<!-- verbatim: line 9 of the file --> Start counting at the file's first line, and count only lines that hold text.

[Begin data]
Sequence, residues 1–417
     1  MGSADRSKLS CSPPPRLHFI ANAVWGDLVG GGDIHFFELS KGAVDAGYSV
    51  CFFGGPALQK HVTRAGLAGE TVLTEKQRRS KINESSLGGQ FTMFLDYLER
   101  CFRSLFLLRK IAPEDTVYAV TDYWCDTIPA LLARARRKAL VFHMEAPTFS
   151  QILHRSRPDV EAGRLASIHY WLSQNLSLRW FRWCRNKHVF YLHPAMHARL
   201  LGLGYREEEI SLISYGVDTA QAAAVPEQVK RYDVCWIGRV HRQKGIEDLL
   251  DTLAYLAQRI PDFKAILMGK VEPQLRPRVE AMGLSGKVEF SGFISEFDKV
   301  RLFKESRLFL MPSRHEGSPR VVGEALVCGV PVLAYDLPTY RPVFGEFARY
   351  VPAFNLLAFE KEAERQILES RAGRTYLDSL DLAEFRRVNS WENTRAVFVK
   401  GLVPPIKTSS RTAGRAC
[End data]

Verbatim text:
   351  VPAFNLLAFE KEAERQILES RAGRTYLDSL DLAEFRRVNS WENTRAVFVK